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Autism Spectrum Disorders
Autism spectrum disorders are brain disorders in which a child shows varying degrees of deficiency in social interactions, verbal and nonverbal communication, and repetitive behaviors. These disorders include Autism, pervasive developmental disorder, and Asperger’s syndrome.
The causes of autism spectrum disorders are unknown, but research is being done to understand more about these complicated, lifelong disorders.
Read our Autism brochure for more information.
Diagnosis of Autism Spectrum Disorders
There is no medical test that can detect and diagnose autism. The diagnosis is made through observation of a child’s communication, behavior, and developmental milestones by a multidisciplinary team of professionals.
There are many indicators of possible autism spectrum disorders, including:
- The child does not babble, point, or make meaningful gestures by the time he/she is 1 year old
- He/she does not speak one word by 16 months of age
- The child does not combine two words by age 2
- A child does not respond to his or her name by age 1
- Loss of language or social skills
If you have concerns about these or any other behaviors, please discuss them with your child’s pediatrician. If your child is diagnosed, it is helpful to keep a notebook or log of all the information you gather.
Treatment of Autism Spectrum Disorders
There is no cure, nor one single best treatment for all children with autism spectrum disorders, but early diagnosis and early intervention are key to achieving greater positive results. Most individuals respond well to highly structured, specialized educational programs, so it is important to gather as much information as possible about the many educational treatment programs available, and make a decision based on your child’s needs.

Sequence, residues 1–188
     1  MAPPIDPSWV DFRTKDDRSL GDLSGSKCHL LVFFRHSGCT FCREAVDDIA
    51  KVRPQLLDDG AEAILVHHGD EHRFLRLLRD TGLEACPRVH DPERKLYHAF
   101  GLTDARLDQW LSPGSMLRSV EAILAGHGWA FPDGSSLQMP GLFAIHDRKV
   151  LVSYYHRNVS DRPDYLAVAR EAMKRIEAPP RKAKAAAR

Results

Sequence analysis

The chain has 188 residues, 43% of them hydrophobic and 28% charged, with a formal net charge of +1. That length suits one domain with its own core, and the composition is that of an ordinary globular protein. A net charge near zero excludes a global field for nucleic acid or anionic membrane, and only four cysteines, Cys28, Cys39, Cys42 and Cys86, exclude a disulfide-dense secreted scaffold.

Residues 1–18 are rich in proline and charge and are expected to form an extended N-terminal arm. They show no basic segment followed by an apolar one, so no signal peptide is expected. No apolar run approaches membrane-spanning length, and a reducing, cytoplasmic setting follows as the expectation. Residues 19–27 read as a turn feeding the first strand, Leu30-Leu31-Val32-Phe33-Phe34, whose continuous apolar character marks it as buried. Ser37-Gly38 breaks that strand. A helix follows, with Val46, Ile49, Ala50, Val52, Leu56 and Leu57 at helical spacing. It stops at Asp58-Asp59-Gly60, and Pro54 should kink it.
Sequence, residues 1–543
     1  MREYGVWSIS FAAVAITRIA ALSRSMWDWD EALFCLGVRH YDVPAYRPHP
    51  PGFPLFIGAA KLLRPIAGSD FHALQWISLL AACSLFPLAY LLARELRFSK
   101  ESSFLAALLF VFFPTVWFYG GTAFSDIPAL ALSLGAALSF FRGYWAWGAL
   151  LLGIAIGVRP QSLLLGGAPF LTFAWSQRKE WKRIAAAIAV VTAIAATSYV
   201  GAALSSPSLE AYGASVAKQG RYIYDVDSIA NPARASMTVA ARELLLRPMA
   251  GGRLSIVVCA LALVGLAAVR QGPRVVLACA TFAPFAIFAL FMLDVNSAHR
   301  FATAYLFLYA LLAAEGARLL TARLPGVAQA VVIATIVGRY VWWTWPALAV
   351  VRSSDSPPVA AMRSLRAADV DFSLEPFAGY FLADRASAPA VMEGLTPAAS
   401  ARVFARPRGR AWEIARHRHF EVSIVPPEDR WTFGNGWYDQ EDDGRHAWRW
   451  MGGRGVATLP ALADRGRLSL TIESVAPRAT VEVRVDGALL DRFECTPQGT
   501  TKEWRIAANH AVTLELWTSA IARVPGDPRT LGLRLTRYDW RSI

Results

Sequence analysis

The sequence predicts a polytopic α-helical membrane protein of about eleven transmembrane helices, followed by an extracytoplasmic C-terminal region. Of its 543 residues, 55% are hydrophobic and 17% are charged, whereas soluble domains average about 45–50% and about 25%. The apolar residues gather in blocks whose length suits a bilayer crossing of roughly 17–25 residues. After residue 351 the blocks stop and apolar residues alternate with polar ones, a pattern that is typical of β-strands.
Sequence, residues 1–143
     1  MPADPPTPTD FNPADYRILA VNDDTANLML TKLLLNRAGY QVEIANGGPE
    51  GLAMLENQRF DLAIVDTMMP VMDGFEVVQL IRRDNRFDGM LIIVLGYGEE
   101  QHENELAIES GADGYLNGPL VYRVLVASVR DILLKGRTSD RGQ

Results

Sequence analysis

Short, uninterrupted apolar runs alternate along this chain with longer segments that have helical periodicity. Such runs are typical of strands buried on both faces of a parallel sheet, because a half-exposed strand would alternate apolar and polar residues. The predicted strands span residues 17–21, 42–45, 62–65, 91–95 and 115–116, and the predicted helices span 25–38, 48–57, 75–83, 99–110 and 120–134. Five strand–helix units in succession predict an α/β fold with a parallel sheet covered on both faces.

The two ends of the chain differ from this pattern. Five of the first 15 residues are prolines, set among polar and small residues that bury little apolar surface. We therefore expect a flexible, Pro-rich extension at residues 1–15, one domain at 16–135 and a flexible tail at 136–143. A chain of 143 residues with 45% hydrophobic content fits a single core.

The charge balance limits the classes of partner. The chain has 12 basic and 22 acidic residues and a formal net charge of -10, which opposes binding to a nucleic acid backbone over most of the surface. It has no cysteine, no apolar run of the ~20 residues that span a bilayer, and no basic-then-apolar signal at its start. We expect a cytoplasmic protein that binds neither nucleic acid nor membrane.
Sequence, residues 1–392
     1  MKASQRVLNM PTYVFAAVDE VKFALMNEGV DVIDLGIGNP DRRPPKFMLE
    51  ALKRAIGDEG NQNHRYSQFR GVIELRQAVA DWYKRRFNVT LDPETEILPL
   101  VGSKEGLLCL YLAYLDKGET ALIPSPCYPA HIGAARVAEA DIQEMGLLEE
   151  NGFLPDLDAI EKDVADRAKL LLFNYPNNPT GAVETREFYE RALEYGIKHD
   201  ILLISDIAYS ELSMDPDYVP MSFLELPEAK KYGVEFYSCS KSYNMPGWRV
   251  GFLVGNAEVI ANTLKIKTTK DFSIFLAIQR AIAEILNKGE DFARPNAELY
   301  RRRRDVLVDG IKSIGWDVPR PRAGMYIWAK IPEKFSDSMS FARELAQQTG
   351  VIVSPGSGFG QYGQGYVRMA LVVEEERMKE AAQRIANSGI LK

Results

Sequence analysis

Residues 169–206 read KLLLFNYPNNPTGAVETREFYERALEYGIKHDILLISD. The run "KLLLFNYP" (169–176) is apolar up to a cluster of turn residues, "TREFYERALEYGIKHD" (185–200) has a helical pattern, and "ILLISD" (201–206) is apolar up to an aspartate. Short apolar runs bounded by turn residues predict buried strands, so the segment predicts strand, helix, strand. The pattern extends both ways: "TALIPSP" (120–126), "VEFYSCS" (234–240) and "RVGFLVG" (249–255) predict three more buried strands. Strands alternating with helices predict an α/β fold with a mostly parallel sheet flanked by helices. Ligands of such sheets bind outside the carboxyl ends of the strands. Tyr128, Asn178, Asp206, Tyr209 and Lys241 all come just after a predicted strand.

Medication may be prescribed when self-injurious behaviors or other behavioral symptoms are present. Family members may also find it helpful to seek outpatient counseling services to assist in coping with an autistic child. Early intervention programs are available for children younger than age 3. Your child’s pediatrician can refer you to a program.
Parenting a child with autism can be challenging. It is essential for you as a parent to understand the diagnosis in order to assist your child in coping with his or her autism. It is also important that you make time to care for yourself.
Parent’s Resource Network Line
Created by the Parent/Professional Advocacy League for support and information on mental health services for children
Parent Advocacy League (PAL)
Provides support, education, and advocacy around issues related to children’s mental health
Massachusetts Department of Education
If your child’s symptoms are interfering with his or her academic performance, Massachusetts’ 766 law enables you to make a request for an evaluation by your child’s school system. For further information, contact your local school system.
Massachusetts Advocates for Children
617-357-8431, ext. 234
Autism Special Education Legal Support Center
National Institute of Mental Health
Transforming the understanding and treatment of mental illnesses
800-3-AUTISM or 781- 237-0272 (Massachusetts chapter)
The leading voice and resource of the autism community in education, advocacy, services, research, and support
Help for parents of autistic children including opportunities for support, inclusion, and free information
Child Development Institute
Fact sheets and various information and resources on autism
Source: National Institute of Mental Health; United States Department of Education